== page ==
Tonight, however, Mr. Buckley, 78, is giving up control. In an interview, he said he planned to relinquish his shares today to a board of trustees he had selected. Among them are his son, the humorist Christopher Buckley; the magazine's president, Thomas L. Rhodes; and Austin Bramwell, a 2000 graduate of Yale and one of the magazine's youngest current contributors.
Mr. Buckley's "divestiture," as he calls it, represents the exit of one of the forefathers of modern conservatism. It is also the latest step in the gradual quieting of one of the most distinctive voices in the business of cultural and political commentary, the writer and editor who founded his magazine on a promise to stand "athwart history, yelling 'Stop,' at a time when no one is inclined to do so, or to have much patience with those who urge it."
In explaining his decision, Mr. Buckley said he had taken some satisfaction in the triumph of conservatism since then, though he expressed some complaints about President Bush's unconservative spending and some retrospective doubts about the wisdom of invading Iraq. But his decision, Mr. Buckley said, had more to do with his own mortality.
"The question is choose some point to quit or die onstage, and there wouldn't be any point in that," Mr. Buckley said, recalling his retirement from his television program "Firing Line" a few years ago. "Thought was given and plans were made to proceed with divestiture."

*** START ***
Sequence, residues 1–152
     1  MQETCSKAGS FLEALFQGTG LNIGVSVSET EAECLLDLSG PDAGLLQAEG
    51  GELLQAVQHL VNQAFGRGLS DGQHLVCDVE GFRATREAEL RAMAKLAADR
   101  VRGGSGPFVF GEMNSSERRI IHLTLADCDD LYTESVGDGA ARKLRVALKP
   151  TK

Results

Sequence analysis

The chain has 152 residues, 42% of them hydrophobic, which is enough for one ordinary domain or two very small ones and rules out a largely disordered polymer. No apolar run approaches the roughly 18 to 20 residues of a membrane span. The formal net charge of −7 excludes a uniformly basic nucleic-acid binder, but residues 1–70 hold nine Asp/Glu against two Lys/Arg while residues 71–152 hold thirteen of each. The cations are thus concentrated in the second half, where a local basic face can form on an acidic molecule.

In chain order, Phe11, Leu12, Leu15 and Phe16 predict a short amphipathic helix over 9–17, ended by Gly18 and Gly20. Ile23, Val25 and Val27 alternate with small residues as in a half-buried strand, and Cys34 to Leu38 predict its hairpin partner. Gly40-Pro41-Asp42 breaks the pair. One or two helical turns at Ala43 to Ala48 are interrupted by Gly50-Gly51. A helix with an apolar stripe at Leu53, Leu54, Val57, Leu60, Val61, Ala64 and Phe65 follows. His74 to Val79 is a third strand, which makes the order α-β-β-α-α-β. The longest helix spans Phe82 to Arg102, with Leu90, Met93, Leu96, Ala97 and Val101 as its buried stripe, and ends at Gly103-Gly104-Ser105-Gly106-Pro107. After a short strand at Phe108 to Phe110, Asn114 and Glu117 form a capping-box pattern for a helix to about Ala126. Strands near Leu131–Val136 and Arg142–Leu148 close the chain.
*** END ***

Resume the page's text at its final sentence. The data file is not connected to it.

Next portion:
With characteristic playfulness, Mr. Buckley said that he had not disclosed the timing of the hand-over. He plans to give the trustees his shares at a private party tonight at an Italian restaurant near the magazine's East 34th Street office. "It is kind of a big event in my life," he said, sipping a glass of wine over lunch at the same restaurant last week. "I thought I might as well put a little bit of theater in it. When I leave this building a week from now, I will probably feel a little bit different."
Mr. Buckley, whose syndicated column will continue to appear in the magazine, said he did not expect changes in the contents of the magazine. Richard Lowry, the editor, will continue in that job. Mr. Rhodes, president of National Review, will become chairman of the newly formed board of trustees. The trustees will include Evan Galbraith, an executive of Morgan Stanley who was ambassador to France under Mr. Reagan, and Daniel Oliver, who was chairman of the Federal Trade Commission under Mr. Reagan and whose son, Drew Oliver, was an assistant editor at the magazine.
By virtue of his relative youth, Mr. Bramwell is the most notable of the five trustees. "I wanted somebody who is very young and very talented," Mr. Buckley said. "One likes to think in the long term."
A former officer of the Conservative Party of the Yale Political Union, Mr. Bramwell began writing for National Review two years ago as a Harvard law student. At a recent ceremony at the Heritage Foundation in Washington, he presented Mr. Buckley an award for contributions to the conservative movement along with an admiring, perhaps even Buckleyesque, appraisal of Mr. Buckley's literary style.